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John Tizard: Let’s be very cautious before abandoning the EU public procurement regulations.

Monday March 2nd, 2020

At the end of this year, the UK is almost certainly going to be outside the formal structures and membership of the European Union.

John Tizard

John Tizard

At present no one knows what any final deal will contain, or indeed whether there will be any deal, though the Government seems to be heading for and comfortable with the prospect of ‘no deal’. Consequently, the UK public sector and its suppliers currently have no clarity on how much longer the EU public procurement rules will apply in the UK.

That said, I have previously expressed my opinion that existing EU regulations form the basis for effective procurement, and that any trade deal is likely to require the UK to continue to adopt them or something very similar. WTO rules would also require domestic public procurement regulations consistent with its own regulations. Therefore, the UK is likely to have to adopt many externally based public procurement regulations. The EU’s regulations are better than many alternatives and fundamentally are sound.

One of the challenges to date has been that UK interpretation of EU regulations has too often been over-prescriptive – indeed more so than in many of the other 27 EU member states. And as with so much of the EU’s regulations and policies, a mythology has grown around the public procurement rules. They have been regarded as: very bureaucratic; expensive for both public sector client and supplier; undermining of attempts to build social value and wider social and environmental goals into the procurement process; and discriminatory against small companies, social enterprises and charities as well as place-based public policies. All this despite the fact that the EU rules are, in reality, pretty flexible and designed to accommodate sensible political goals for central government, local government and the wider public sector. In fact, it is my belief that these goals have often not been pursued because there is no political will in the UK to do so, and the EU regulations have been commonly used as an excuse.

If the UK does devise its own public procurement legislation (and the Government says it wishes to do so), this will inevitably take time. Any review and reform needs to involve the wider public sector, drawing upon its policy, operational and procurement expertise, plus harnessing the contributions of representatives of large and small businesses, social enterprises and the voluntary and community sector. It is my earnest hope that imagination, innovation and sheer practicality will guide any such review and reform.

Further, such a review and any consequential new regulations must ensure that probity is maintained to the highest standards. The UK rightly prides itself on its probity standards but this is an opportunity to strengthen these still further rather than be complacent.

State aid must be considered in a balanced way, and any public procurement legislative requirements should, of course, be proportionate to the size of contracts and the risks involved.

Were I drafting the terms of reference of such a review and reform, I would be minded to include consideration of how best to maximise public benefit (including value for money, equity, social and environmental policy goals, excellent employment standards and public accountability) through the procurement of goods and services. Furthermore, in respect of bids for services and goods, I would wish to consider how best to take into account:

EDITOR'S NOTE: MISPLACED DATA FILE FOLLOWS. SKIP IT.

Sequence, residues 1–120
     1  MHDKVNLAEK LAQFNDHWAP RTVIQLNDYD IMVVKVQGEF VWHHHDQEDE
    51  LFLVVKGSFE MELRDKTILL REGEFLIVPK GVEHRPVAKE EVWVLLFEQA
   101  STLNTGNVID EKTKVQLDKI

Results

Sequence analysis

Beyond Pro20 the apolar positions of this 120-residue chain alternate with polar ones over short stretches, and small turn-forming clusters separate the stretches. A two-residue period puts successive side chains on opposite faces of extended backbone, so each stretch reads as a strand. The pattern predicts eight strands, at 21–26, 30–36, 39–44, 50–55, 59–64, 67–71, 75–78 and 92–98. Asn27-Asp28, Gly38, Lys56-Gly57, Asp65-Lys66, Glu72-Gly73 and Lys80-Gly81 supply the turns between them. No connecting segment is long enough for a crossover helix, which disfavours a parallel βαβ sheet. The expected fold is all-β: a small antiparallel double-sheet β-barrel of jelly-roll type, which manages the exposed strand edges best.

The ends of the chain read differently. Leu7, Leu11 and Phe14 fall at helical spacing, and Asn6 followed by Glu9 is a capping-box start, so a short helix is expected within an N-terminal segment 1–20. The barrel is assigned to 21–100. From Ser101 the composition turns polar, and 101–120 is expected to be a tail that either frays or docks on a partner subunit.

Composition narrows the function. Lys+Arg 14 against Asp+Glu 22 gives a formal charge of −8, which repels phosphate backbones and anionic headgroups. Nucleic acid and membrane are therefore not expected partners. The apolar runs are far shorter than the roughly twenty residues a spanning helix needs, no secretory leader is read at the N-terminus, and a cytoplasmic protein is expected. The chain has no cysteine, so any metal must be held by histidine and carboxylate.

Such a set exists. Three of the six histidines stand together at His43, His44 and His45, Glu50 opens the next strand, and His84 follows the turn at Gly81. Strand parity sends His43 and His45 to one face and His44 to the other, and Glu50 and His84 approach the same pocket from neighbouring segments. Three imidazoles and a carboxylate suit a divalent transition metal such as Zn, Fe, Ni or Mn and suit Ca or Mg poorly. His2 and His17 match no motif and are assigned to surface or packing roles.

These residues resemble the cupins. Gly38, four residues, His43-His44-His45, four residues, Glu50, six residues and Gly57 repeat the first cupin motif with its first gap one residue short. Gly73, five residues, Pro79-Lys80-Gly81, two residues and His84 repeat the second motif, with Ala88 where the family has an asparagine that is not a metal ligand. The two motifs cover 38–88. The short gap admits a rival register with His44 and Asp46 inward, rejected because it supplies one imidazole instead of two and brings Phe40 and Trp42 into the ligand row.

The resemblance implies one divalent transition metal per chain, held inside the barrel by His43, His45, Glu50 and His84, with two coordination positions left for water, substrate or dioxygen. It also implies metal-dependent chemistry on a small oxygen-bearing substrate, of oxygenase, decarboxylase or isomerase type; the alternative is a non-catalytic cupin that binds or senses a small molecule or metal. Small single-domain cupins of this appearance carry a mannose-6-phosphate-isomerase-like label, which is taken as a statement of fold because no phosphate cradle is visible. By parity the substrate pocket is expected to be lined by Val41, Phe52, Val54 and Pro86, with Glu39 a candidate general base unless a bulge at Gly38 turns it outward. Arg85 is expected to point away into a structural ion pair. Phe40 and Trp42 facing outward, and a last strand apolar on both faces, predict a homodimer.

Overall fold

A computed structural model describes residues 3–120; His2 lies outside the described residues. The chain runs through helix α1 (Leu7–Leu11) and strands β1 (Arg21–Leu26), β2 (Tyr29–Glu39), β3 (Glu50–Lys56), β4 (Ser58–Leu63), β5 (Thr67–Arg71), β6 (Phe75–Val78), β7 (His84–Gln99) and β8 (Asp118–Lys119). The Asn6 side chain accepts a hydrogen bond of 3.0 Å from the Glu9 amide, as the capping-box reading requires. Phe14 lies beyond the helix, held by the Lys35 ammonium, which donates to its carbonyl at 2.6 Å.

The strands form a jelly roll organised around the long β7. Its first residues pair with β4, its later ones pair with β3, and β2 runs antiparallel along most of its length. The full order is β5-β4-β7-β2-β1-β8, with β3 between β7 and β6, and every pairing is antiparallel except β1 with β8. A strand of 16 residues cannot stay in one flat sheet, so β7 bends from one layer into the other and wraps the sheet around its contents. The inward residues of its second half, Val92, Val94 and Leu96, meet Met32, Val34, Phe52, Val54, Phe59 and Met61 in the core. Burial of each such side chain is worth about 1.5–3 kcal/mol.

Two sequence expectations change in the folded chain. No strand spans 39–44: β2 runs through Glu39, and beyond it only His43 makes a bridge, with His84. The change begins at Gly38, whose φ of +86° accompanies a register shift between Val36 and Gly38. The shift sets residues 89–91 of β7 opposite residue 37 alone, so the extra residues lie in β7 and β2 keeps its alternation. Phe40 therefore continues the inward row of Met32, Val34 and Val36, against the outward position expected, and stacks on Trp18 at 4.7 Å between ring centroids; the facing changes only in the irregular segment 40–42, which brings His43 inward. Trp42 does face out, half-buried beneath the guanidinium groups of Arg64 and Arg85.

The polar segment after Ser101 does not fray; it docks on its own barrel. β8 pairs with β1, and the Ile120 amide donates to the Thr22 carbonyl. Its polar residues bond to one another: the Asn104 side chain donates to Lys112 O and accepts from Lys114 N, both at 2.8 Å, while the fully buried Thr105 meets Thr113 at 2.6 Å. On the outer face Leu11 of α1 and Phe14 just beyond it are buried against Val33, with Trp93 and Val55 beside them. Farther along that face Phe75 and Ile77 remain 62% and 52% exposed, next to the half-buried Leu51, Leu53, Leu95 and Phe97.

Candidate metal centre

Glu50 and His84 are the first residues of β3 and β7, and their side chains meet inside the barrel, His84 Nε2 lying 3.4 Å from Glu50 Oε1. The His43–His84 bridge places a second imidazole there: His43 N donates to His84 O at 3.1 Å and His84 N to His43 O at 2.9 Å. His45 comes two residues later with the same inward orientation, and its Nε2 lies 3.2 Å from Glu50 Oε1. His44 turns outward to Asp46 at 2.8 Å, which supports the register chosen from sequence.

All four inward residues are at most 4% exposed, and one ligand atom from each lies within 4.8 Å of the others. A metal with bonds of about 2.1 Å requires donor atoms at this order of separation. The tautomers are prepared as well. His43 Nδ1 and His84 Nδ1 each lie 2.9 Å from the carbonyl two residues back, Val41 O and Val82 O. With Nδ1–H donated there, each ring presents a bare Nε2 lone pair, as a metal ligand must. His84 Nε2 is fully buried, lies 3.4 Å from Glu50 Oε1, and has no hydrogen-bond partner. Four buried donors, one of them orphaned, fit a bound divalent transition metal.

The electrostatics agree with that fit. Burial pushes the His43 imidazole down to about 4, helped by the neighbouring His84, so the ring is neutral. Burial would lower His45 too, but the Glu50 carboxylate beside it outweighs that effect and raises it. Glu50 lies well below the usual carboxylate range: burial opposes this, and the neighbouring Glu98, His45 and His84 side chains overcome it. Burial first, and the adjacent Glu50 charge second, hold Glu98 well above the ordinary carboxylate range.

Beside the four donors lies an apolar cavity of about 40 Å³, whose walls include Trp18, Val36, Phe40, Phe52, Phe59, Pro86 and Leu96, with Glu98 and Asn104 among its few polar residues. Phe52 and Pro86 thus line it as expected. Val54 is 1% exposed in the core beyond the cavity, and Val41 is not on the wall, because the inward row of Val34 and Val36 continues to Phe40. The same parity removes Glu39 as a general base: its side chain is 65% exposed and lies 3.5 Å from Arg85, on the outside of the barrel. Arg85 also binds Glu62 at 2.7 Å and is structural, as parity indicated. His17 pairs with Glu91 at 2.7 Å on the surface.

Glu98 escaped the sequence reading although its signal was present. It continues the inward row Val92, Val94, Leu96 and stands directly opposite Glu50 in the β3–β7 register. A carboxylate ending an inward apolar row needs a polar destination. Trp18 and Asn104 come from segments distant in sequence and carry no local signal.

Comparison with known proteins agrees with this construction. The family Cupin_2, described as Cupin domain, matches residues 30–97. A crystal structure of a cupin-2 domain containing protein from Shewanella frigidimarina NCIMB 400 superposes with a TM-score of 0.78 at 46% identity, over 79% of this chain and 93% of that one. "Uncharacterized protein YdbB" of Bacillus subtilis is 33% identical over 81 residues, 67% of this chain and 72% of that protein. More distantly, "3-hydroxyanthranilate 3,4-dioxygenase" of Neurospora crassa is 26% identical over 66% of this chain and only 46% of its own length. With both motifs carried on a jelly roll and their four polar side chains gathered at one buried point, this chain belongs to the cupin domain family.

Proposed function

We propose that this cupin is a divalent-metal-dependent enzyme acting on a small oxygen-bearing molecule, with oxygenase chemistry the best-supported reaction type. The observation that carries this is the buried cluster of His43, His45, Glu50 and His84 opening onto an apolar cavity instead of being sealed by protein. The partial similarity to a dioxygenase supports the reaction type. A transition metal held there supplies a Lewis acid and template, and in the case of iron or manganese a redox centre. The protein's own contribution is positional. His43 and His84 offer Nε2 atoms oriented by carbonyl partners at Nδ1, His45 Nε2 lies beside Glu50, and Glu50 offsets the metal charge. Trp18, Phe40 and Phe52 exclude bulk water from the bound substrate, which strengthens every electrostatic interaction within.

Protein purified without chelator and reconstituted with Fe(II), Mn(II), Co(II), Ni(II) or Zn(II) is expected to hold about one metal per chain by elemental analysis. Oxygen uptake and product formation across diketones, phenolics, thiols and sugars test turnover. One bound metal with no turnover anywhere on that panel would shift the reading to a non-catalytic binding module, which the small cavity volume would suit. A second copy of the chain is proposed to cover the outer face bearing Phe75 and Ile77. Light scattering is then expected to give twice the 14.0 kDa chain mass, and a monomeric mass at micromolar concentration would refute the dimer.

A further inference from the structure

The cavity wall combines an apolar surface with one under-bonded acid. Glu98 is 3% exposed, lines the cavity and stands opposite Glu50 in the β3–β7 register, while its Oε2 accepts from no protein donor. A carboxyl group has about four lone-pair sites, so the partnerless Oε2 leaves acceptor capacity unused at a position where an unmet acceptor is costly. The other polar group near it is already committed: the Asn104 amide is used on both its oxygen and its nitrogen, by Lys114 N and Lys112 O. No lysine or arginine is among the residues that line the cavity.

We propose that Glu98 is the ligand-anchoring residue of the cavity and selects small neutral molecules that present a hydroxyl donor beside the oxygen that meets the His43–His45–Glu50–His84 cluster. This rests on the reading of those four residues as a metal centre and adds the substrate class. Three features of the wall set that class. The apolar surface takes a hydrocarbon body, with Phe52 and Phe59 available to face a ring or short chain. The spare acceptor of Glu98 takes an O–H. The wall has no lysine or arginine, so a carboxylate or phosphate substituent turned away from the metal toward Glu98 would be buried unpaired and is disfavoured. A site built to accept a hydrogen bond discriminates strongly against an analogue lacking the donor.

• the holistic financial, social and environmental costs of bids
  • local economic and social benefits
  • bidders’

o   governance standards

o   tax policies and practice

o   remuneration policies and practice

o   environmental standards and record

o   employment standards

o   business models

o   ownership

Any review and set of reforms could also consider matters such as:

  • raising the threshold for when national procurement regulations have to apply – allowing for more relational partnerships (see below) and less expense for both small providers and public bodies
  • allowing devolved governments and administrations to have the legal competency to set their own specific detailed rules
  • promoting the use of grants and relational partnering between the public sector and the voluntary and community sector and similar community-based and focused groups
  • ensuring transparency and accountability at all stages – including pre-procurement, procurement and contract operation and management – transparency and accountability of client, provider and supply chains
  • allowing or preferably requiring procuring bodies to take bidders’ previous track record into account

In the case of procurement of services, I would set the default as publicly managed and publicly owned services with a requirement for public bodies to publish and apply criteria for ‘make or buy’ decisions, so as to demonstrate the public benefit of outsourcing. Of course, many of these factors can already be deployed by public bodies under existing EU regulations. Contrary to some mythology the EU does not require public bodies to outsource and never has done.

Above all, any changes must not result in more complex and expensive arrangements – nor in greater timidity amongst procurement professionals and/or politicians.

My plea is for the Government to consult widely before proceeding with any review and not to rush into mending something which is not fundamentally broken. Surely it is better (and cheaper and faster) to build on what we have than to replace it simply because it has the letters ‘EU’ on the title page?

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